First of all, sliding head-first is stupid, and most coaches will tell you that. Bryce Harper seems a nice enough lad, but he’s the product of a two-parent Mormon home in Las Vegas, Nevada, and he has been on a very comfortable sleigh-ride to success since he was 17. When Barack Obama was 17, his father was long gone, and he was one of three black students at Punahou Academy in Honolulu. We have moved in our parade of Nasty Racial Archetypes from the Lazy Black Ballplayer to the Unqualified Affirmative Action Hire. On the basepath of polite conservative racism, Judge is playing station-to-station ball.
Watching Bryce Harper play is like listening to an economic speech by Paul Ryan: It’s long on reality and short on excuses.
Excuse me for a moment. Common sense got caught in my throat for a second here.
Harper has slapped baseball awake, and every time he steps up to the plate, years of crusty baseball routine no longer apply. He swings the bat with a blinding snap of force, and in the outfield dives for balls that bored veterans would let go.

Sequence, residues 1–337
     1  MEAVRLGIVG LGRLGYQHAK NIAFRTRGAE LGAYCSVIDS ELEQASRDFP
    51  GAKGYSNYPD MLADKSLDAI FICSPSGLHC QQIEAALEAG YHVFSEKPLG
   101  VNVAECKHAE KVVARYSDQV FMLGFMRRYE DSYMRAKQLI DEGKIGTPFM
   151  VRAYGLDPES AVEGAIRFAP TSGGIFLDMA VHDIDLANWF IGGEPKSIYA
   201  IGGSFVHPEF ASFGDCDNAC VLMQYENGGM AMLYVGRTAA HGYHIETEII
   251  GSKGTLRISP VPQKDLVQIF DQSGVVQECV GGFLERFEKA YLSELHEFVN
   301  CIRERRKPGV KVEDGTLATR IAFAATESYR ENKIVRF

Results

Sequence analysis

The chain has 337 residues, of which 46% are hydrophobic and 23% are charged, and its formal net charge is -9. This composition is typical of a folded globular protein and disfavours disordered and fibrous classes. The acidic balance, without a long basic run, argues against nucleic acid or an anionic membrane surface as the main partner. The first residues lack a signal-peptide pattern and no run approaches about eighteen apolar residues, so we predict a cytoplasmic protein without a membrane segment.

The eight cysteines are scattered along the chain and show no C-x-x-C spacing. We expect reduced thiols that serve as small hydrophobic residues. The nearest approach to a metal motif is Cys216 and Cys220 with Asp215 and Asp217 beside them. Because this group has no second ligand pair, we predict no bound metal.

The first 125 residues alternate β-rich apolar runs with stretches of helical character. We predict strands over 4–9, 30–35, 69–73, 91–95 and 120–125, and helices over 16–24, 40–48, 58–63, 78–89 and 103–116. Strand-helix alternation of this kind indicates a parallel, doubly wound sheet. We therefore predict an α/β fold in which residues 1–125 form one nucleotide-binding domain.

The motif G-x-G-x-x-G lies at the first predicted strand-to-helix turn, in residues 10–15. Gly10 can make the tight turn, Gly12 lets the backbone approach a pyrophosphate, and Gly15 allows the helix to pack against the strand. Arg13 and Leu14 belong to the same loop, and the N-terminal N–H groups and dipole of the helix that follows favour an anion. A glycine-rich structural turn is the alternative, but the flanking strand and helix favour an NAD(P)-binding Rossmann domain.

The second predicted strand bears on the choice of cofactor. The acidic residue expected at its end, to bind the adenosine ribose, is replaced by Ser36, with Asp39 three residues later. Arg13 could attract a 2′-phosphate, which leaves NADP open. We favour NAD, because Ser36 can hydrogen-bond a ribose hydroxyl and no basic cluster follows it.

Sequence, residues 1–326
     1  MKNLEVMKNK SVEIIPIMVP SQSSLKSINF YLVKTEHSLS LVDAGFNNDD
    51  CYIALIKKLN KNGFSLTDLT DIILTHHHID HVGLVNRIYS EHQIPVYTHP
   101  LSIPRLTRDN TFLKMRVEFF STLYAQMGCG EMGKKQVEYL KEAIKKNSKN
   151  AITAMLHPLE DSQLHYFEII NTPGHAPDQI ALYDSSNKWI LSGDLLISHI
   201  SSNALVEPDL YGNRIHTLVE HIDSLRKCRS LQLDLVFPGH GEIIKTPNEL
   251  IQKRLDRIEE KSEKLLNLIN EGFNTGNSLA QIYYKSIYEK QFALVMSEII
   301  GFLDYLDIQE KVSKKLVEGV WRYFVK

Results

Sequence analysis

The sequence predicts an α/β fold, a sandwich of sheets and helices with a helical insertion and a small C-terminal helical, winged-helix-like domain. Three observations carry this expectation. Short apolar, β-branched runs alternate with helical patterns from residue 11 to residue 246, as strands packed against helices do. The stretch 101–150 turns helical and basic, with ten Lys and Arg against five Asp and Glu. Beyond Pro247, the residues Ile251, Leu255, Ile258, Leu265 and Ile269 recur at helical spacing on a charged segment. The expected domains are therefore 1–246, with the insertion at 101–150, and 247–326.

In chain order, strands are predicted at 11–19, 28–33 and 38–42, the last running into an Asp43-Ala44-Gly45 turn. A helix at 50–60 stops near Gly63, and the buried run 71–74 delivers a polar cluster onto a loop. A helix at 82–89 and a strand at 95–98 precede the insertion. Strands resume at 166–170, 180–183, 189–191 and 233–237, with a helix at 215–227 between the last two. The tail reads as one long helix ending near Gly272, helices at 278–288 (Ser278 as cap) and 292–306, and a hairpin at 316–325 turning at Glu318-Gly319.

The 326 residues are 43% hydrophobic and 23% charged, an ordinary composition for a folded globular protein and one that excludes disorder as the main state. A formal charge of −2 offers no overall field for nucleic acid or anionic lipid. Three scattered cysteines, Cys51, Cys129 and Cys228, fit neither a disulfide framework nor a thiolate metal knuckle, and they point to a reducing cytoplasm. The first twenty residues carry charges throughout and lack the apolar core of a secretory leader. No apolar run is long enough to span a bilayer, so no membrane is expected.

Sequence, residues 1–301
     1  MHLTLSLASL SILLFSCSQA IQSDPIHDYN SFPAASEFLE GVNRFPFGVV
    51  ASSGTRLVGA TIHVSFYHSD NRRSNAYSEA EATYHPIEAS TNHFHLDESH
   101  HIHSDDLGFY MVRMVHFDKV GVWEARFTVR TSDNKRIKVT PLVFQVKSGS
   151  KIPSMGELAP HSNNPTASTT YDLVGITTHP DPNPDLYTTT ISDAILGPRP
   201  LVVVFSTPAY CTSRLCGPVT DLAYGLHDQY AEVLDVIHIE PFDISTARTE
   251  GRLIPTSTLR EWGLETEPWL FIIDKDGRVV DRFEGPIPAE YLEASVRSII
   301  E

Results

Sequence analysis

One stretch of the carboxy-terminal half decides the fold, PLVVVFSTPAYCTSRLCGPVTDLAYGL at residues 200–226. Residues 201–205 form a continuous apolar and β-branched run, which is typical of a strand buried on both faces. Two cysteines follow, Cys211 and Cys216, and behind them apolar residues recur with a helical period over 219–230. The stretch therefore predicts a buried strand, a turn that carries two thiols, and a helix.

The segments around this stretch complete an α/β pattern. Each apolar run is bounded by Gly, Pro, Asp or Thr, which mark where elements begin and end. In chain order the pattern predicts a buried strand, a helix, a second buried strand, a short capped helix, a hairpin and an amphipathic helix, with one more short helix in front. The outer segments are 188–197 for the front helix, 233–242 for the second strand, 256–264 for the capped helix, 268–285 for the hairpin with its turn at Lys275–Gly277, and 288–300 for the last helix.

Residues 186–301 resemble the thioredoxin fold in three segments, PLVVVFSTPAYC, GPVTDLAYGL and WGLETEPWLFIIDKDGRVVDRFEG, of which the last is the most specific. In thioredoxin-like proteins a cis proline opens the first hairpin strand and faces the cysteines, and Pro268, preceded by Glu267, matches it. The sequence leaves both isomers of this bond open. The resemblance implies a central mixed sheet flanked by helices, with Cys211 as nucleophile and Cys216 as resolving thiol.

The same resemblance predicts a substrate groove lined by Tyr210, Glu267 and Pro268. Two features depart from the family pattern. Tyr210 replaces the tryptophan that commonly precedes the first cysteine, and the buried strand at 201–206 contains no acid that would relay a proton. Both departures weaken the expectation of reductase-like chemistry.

And this makes him different from, say, the young Ken Griffey, Jr., how, exactly? (Ooh! Ooh! I know! I know! Call on me!)
When he hits a double he usually tries to stretch it into a triple. Manager Davey Johnson tries to bench him for being hurt, and Harper confronts him and says, like a person with enough dignity to refuse welfare: Let me work. Then he wins the game with a crucial hit.
When Paul Ryan was 17, the same age Bryce Harper was when people began to notice how good he was, he was living on Social Security survivor’s benefits. And there was no shame in his game, either.
Harper also adapts. When pitcher Livan Hernandez froze the 19-year-old Harper with a slow curve ball, Harper adjusted his batting and next time up Harper hit a game-winning home run.
Again, until the imminent triumph of conservative ideas, no batter ever tried to outguess a pitcher. Good thing Jim DeMint and the Club For Growth figured it out.
The left, like Jason Heyward dozing in the outfield, sees nothing wrong with the way things have worked, or even not worked, for the past 40 years. Teachers should never be fired, no matter how incompetent. It is anathema for public-sector union members to pay for even a small percentage of their own health care. Sex-ed taught without reference to the human soul can only do good, and has nothing to do with promiscuity and the collapse of female self-esteem. And we can spend all the money in the world and never have to pay it back.